Within the next year, virtual reality technology company Oculus VR intends to release the highly-anticipated Oculus Rift, a gaming headset that claims to bring users closer to reality in a virtual world experience than ever before.
Oculus Rift is an innovative technology that employs positional tracking to track users’ head positions, a low persistence display to eliminate motion blur, a stereoscopic 3D view and a wide field of view to allow a more immersive video game experience for all gamers.
Oculus VR’s chief technology officer John Carmack recently attended a developer conference in Los Angeles and displayed the latest version of the Rift. While it is clear that serious technological challenges and obstacles remain for the new headset, Oculus VR is still evidently the closest company to producing a software that consumers can use to explore computer-generated, virtual environments in a new and unprecedented way that can make computer-generated worlds appear increasingly realistic.
Carmack is excited for the release of the Rift and hopes that Virtual Reality in general will become more widespread as a new technology.
“I believe that [virtual realty] will have a huge impact in the coming years, but everyone working today is a pioneer,” Carmack said on Oculus VR’s website. “The paradigms that everyone will take for granted in the future are being figured out today; probably by people reading this message. [The Rift] certainly [is] not there yet. There is a lot more work to do, and there are problems we don’t even know about that will need to be solved, but I am eager to work on them.”
Junior Elias Fedel looks forward to the release of the innovative Oculus Rift and is optimistic about the changes it will bring into the industries of gaming and technology.
“I love playing video games, and they’re really ingrained into my routine,” Fedel said. “I think that the Rift and VR [Virtual Reality] itself will dramatically shake up the game industry and present a new platform for developers to work with. I think that users can literally be the player and can step into the game by using the Rift.”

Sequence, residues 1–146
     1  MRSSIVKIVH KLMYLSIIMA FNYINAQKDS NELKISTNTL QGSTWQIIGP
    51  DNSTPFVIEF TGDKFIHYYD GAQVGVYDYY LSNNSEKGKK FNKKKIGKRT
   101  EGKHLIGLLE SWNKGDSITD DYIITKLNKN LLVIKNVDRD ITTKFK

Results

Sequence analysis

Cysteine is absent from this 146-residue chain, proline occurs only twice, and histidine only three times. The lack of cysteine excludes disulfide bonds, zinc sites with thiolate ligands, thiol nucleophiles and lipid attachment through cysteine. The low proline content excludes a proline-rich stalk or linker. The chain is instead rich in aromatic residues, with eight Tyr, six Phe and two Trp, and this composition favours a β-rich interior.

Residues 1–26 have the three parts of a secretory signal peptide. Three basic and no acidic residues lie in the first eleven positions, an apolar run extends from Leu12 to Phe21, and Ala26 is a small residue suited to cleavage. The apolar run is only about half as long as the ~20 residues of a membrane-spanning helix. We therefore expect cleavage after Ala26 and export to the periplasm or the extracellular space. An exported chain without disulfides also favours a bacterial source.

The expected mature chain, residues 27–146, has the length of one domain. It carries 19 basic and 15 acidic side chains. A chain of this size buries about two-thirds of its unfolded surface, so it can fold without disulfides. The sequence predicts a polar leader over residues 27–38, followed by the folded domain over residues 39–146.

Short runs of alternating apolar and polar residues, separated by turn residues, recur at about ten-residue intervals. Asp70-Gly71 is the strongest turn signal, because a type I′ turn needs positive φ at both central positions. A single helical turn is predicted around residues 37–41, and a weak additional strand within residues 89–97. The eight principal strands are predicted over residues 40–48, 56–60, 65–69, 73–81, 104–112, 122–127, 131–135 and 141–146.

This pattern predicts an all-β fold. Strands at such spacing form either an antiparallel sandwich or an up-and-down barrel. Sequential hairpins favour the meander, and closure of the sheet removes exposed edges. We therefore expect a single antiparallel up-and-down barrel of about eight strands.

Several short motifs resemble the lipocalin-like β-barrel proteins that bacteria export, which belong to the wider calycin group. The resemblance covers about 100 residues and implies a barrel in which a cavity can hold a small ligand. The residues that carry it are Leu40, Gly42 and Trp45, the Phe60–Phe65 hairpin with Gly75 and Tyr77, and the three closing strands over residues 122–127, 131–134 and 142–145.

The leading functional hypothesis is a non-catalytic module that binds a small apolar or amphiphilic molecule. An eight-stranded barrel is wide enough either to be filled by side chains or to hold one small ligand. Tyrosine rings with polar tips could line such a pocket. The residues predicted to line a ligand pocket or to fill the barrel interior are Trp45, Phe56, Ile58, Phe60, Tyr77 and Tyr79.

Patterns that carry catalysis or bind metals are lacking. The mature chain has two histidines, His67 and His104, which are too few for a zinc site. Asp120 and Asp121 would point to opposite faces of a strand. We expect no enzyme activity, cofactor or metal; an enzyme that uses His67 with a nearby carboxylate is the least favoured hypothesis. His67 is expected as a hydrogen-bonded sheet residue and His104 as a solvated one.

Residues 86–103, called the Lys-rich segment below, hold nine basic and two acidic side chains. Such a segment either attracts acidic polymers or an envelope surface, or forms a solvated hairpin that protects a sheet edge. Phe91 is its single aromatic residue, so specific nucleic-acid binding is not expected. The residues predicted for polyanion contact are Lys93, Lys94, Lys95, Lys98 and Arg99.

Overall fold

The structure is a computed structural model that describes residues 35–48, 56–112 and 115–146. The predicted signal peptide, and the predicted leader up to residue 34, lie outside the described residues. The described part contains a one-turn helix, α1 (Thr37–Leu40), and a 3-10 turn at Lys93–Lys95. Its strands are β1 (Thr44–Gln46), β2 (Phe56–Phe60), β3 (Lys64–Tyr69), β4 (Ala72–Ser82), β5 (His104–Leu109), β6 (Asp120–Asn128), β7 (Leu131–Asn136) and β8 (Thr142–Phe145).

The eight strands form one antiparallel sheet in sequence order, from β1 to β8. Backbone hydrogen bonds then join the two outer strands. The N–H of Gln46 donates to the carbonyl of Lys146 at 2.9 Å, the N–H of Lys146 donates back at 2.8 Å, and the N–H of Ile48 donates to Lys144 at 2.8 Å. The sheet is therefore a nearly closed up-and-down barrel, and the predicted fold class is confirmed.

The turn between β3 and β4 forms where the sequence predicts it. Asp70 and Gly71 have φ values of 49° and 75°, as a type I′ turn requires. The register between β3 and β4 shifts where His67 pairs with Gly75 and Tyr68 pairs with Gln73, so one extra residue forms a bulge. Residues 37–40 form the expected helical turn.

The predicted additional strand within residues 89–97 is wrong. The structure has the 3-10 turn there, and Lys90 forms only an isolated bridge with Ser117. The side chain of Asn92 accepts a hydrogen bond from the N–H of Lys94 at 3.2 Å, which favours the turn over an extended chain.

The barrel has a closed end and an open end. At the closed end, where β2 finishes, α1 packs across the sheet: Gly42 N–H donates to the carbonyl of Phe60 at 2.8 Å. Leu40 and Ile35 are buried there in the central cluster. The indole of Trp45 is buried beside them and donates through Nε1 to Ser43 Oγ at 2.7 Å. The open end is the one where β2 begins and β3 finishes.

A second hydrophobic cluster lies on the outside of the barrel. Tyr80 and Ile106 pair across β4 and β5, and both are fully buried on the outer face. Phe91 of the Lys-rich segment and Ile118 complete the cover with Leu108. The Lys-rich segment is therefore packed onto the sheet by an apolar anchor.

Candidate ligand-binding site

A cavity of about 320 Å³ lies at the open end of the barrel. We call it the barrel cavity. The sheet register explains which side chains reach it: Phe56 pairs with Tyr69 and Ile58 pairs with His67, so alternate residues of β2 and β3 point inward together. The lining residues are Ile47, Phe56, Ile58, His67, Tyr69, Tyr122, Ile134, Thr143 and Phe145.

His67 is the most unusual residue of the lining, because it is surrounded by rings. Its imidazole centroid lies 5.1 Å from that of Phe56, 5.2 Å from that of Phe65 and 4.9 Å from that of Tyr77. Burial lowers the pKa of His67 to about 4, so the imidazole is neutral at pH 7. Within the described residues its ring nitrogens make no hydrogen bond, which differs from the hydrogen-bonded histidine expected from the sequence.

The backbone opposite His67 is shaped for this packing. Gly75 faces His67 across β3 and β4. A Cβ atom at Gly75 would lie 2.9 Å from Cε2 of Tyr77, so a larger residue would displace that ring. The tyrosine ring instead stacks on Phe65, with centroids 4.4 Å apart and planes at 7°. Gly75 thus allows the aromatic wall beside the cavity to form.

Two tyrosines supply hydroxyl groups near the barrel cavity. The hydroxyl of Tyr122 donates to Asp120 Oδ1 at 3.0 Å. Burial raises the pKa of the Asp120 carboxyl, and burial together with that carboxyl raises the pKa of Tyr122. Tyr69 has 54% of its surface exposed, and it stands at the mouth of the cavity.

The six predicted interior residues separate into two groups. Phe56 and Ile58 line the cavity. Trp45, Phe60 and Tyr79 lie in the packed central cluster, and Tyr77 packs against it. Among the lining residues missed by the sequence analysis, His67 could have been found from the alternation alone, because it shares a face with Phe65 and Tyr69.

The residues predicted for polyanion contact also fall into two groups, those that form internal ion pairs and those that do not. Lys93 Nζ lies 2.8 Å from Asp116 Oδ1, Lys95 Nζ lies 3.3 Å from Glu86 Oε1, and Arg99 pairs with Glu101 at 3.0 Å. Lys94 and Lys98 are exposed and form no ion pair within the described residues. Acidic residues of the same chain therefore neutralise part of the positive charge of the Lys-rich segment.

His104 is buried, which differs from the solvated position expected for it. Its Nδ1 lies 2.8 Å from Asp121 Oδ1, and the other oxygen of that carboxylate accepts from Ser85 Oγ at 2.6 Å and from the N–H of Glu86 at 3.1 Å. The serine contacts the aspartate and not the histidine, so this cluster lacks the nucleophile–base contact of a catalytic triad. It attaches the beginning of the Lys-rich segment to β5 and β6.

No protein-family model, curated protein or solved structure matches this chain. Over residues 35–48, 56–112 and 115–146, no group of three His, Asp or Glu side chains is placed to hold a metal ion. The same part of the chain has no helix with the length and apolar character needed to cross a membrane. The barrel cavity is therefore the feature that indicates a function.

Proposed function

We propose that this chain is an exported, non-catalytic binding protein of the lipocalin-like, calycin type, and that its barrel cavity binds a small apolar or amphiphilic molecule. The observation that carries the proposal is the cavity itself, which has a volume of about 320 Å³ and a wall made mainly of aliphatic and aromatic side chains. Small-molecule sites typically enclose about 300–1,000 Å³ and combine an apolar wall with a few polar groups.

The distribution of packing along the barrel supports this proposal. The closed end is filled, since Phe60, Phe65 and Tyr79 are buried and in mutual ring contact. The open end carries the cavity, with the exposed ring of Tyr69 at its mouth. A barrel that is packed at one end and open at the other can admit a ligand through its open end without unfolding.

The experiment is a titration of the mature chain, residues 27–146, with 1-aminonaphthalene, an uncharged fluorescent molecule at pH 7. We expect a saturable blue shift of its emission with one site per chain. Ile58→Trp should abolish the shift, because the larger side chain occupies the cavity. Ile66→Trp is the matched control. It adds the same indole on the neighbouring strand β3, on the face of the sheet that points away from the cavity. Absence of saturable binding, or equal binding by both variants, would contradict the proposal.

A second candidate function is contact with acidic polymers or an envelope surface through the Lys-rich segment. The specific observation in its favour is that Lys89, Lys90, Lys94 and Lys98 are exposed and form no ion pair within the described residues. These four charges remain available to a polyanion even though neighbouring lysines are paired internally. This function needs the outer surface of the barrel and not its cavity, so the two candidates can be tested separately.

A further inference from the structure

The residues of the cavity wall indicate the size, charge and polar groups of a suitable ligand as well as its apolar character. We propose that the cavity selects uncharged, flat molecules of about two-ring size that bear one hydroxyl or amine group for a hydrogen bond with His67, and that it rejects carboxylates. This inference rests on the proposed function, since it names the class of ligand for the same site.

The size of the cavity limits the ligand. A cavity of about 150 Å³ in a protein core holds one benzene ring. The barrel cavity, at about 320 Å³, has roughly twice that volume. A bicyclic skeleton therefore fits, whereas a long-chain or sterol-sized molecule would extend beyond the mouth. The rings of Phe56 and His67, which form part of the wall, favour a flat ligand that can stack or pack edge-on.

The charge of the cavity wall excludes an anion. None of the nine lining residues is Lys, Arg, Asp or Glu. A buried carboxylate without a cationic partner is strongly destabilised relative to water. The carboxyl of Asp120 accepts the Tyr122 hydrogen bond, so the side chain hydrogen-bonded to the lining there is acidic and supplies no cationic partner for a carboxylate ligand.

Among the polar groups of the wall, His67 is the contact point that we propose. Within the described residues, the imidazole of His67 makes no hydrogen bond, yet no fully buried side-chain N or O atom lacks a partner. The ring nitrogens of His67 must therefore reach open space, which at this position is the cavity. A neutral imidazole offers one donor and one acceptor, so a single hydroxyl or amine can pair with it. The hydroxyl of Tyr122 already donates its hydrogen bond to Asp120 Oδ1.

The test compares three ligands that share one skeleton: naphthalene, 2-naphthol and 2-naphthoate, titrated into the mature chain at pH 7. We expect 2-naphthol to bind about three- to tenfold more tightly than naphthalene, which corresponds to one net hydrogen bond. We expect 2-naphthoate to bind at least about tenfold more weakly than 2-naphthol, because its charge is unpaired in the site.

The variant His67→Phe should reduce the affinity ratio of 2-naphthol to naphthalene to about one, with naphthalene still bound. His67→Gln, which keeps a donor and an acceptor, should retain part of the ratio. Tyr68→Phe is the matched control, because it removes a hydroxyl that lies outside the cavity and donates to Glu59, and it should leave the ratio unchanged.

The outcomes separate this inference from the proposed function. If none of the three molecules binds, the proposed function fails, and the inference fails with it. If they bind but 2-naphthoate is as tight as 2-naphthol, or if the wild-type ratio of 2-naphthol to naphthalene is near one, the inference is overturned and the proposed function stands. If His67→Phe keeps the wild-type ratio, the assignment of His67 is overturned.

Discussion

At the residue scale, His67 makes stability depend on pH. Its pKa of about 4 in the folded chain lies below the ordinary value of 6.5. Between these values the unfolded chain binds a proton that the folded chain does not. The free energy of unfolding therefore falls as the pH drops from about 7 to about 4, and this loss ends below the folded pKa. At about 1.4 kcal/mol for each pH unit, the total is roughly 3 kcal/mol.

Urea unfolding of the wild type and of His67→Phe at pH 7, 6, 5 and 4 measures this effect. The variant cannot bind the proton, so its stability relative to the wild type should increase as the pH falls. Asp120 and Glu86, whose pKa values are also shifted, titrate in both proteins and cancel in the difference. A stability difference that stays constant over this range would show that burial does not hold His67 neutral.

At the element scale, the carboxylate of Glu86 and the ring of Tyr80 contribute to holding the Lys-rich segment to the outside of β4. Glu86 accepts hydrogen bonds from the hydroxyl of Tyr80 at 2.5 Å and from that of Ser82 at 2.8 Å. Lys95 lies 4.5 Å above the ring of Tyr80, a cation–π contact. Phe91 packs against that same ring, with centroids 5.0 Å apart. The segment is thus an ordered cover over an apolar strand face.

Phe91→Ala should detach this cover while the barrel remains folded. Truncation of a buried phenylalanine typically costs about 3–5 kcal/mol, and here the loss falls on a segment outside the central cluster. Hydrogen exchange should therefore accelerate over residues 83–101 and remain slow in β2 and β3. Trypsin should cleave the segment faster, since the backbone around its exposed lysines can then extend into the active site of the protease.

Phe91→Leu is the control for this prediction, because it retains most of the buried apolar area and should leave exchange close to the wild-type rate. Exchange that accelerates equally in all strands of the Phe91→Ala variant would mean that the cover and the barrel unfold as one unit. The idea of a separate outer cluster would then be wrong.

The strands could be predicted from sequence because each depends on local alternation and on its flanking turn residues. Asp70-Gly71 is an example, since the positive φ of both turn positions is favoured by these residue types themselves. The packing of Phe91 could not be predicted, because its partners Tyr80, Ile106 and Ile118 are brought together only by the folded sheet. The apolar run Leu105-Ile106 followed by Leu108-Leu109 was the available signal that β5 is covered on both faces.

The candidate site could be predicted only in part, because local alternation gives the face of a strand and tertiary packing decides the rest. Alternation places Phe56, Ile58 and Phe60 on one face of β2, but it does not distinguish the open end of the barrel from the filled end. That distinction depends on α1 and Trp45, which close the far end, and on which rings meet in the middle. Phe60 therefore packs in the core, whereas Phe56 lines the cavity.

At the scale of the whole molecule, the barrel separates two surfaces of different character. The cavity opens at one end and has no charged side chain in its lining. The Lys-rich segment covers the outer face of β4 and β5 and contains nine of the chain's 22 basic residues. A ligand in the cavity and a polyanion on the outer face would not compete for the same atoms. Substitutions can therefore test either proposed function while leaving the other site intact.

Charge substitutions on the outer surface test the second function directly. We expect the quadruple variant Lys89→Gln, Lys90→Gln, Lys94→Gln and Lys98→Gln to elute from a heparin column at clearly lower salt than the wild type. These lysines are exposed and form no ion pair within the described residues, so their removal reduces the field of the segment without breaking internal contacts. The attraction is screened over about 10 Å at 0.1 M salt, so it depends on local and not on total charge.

Despite the excitement that users have for this product, Carmack has highlighted some of the issues with the Rift, addressing that many people who have tested the product have experienced motion sickness and that some technologies have not been fully developed in the Rift’s software, such as the possibility of tracking hand movements to bring users even closer into the virtual picture.
Even with the Oculus Rift’s new capabilities, some students believe that the new technology is not worth the hype that the product is getting.
“I think that the concept is really neat, and how you can get placed in a virtual world is awesome, but why do that when you can live out most of those visions in real life?” sophomore Timothy Liu said. “After all, it’s just a first person view of situations that someone can likely venture out and conduct on their own. I don’t think it’s worth the money.”
The attention that the Oculus Rift has brought into the technology world has not been ignored by tech giant Facebook, which acquired Oculus VR in return for $2 billion in cash and Facebook stocks. Furthermore, the Rift is not the only product in the Virtual Reality industry, as Samsung has collaborated with Oculus VR, using software from the company in order to produce the Gear VR, a phone and headset that will cost over $1,000. Other products like the Morpheus, produced by Sony with a partnership with NASA, are also being produced.
Although not every gamer plans on buying the Rift once it is released, Oculus VR is definitely the closest company to reaching the virtual reality that many gamers hope will one day exist in all games.
“I think Oculus has finally gotten it right, as seen by people’s reactions to using the Rift,” Fedel said. “I hope it becomes successful, and I hope that the technology of [Virtual Reality] becomes an attainable reality.”

About The Author

Senior Staff Writer

Miranda Chen is a senior at Palo Alto High School. Despite only being a staff writer on The Campanile for one year before she became an Editor-in-Chief, Chen has grown to become incredibly passionate and excited about her future in the field of journalism. When she is not participating in journalism, she enjoys spending time at coffee shops, playing the cello and enjoying time with her friends outside of school. In the 2015-16 school year, Chen is excited to serve as an Editor-in-Chief and work with the rest of the editors in order to improve The Campanile.

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